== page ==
Center on Disability Studies
Disability and Diversity Studies Faculty
Thomas Conway, M.B.A., Ph.D.
Thomas H. Conway is the Training and Instruction Coordinator at the Center on Disability Studies at the University of Hawai‘i at Manoa. Dr. Conway is Co-PI of the Unidescription Project, funded by the National Park Service and Google, developing mobile technology to audio describe multimedia for individuals who are blind and visually impaired. He also served as the Project Director for EmployAble: A World Without Barriers, a virtual employment center for people with disabilities funded by the Kessler Foundation. With a background in design and media production, Dr. Conway is interested in accessible educational technology. He received his doctorate in Learning Design and Technology at the University of Hawaii in 2017. Dr. Conway developed a set of virtual tools in Second Life aimed at increasing postsecondary faculty and student awareness about access to technology for persons with disabilities.
Lauren Lum Ho, MSW, MEd
Lauren Lum Ho is an Assistant Specialist at the Center on Disabilities Studies at the University of Hawai‘i at Manoa. She has a Master’s degree in Social Work from the University of Hawai‘i at Manoa Myron B. Thompson School of Social Work and a Master’s degree from the University of Hawai‘i at Manoa College of Education Learning Design & Technology (LTEC) program. Her research interests include accessible technology and instructional design.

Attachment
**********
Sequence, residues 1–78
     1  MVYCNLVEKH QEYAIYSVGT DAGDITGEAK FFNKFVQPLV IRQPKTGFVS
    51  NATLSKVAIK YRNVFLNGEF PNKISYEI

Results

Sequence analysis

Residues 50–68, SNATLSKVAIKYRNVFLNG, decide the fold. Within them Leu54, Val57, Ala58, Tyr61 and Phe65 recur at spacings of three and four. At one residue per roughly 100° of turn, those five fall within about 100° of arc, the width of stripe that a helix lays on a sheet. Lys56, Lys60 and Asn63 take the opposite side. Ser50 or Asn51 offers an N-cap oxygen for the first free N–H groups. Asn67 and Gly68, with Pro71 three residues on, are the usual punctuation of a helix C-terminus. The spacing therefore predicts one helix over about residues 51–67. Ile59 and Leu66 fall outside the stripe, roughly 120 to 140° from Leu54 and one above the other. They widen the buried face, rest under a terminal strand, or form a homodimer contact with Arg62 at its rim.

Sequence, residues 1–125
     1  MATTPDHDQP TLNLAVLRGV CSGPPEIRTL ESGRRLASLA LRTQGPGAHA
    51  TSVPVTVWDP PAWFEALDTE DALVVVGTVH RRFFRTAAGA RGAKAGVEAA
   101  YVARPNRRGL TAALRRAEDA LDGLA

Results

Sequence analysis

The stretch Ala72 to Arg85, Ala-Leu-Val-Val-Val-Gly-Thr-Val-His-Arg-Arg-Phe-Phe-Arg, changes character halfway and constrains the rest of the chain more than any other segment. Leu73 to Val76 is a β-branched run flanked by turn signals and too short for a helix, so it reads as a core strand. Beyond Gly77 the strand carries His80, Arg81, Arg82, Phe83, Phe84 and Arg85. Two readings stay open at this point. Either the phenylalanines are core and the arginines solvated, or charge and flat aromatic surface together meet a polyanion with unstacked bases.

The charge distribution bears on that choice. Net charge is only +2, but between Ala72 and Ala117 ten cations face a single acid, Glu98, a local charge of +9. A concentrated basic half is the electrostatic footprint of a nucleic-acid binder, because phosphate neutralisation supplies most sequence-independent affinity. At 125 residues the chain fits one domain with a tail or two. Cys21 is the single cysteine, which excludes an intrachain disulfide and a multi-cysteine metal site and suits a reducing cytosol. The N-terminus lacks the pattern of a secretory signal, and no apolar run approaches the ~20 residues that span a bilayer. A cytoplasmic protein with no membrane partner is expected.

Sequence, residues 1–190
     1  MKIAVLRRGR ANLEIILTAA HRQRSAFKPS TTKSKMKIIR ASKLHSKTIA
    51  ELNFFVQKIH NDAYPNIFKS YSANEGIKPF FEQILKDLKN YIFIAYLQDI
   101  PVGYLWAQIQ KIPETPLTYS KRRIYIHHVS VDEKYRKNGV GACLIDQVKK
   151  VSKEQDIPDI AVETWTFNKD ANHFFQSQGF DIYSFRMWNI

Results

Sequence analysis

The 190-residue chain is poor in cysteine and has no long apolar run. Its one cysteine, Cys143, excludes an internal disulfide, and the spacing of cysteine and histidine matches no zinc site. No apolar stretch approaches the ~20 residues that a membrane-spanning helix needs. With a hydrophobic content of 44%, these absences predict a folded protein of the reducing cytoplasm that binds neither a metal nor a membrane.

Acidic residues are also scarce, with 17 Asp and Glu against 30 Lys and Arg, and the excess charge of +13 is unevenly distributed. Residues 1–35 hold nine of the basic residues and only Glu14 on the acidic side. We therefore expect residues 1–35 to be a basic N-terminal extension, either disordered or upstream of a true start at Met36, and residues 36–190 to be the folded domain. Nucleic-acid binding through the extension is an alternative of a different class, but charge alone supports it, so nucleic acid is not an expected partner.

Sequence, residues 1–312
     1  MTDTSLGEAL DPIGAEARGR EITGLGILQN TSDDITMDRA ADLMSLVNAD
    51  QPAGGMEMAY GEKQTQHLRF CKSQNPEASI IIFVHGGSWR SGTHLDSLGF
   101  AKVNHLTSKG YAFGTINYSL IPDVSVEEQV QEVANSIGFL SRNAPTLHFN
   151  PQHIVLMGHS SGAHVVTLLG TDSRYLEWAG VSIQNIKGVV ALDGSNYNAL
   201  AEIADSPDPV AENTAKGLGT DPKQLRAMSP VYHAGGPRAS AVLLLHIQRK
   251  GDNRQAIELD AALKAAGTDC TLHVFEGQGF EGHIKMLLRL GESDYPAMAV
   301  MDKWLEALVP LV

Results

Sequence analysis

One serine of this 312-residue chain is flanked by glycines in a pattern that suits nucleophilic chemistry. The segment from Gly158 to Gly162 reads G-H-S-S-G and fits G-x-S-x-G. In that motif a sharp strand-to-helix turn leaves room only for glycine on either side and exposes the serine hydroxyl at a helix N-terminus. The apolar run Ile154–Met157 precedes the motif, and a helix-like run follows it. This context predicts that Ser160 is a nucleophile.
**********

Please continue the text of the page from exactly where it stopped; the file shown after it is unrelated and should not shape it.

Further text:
Raphael Raphael, Ph.D.
Raphael Raphael is a film and media scholar whose work frequently looks at making connections between film and disability studies. His most recent book, Transnational Horror Cinema: Bodies of Excess and the Global Grotesque(link is external) (2017), with Sophia Siddique, looks at the intersections of the horror genre, disability and trauma across borders. Other writing includes Transnational Stardom: International Celebrity in Film and Popular Culture (2013) with Russell Meeuf and contributions to the Encyclopedia of American Disability History and writing on film and disability studies pedagogy in Modern Language Association’s Teaching Film (2012). He currently serves as Associate Editor of Creative Works and Multimedia for the Review of Disability Studies. His scholarship is also informed by his own practice as transmedia artist. He is currently producing a filmed adaptation of Robin Wilde Hansen’s novel The World (2014), a work exploring mental illness. Dr. Raphael tweets on issues in film and technology @raphaelspeak.
Kiriko Takahashi, Ph.D.
Kiriko Takahashi is an Associate Specialist at the Center on Disabilities Studies at the University of Hawai‘i at Manoa. She has a Master’s degree in Learning Disabilities from Northwestern University, and a Doctoral degree in Exceptionalities from the University of Hawai‘i at Manoa. Her research interests include assistive technology, culturally-based education, and mathematics.